'A comprehensive narrative of an American frontier microcosm. [Arnow] casts much of her narrative in what is essentially the form of good local history, but her concepts of the human factors of the people of the Cumberland are the universal ones of American history itself' - "New York Times Book Review". 'Perhaps the most intimate picture we have of society in the trans-Alleghany phase of the Westward Movement...A moving tribute' - "Christian Science Monitor". The author of "Seedtime on the Cumberland" returns with another richly detailed evocation of pioneering in the Cumberland River basin, or what is now middle Tennessee and southern Kentucky. Not a sequel but a companion piece, "Flowering of the Cumberland" covers much the same time - from first settlement in 1780 to the Louisiana Purchase in 1803.Whereas Seedtime was preoccupied with solitary men and women struggling to secure food, clothing, shelter, and land, Flowering goes beyond simple survival to focus on family and community.Memorably described are the strength of women like Sally Buchanan in stations fortified against Indian attack, the emergence of men like Andrew Jackson, the pursuit of sex and marriage, the birthing and raising of children, schooling, the state of agriculture, business opportunities and the professions, religion and tolerance, border politics, and social life and diversions. An entire bygone world comes to life, and with it the smell of strong whiskey, the clippety-clop of horses, and the haunts of ghosts. Harriette Simpson Arnow, whose own roots are in the Cumberland country, is the author of The Dollmaker. Margaret Ripley Wolfe is a professor of history at East Tennessee State University-Johnson City and the author of "Daughters of Canaan: A Saga of Southern Women".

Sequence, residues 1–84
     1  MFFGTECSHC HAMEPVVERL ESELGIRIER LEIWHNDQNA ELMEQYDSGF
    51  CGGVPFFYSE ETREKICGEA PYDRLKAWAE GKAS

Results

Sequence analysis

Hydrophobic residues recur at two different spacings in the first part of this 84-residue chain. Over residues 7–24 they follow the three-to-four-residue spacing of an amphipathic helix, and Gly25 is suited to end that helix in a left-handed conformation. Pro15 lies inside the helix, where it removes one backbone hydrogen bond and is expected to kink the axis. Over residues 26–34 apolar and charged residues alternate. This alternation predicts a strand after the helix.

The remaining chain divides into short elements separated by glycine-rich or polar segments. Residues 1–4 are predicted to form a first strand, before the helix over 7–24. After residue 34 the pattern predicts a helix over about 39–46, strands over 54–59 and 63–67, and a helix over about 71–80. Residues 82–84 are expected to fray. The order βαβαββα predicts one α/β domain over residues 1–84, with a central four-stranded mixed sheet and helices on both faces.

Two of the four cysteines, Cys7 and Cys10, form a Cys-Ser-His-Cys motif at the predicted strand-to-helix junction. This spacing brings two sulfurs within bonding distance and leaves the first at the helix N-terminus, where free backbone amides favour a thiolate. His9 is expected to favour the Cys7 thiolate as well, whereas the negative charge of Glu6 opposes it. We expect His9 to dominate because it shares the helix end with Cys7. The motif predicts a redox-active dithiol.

Flowering of the Cumberland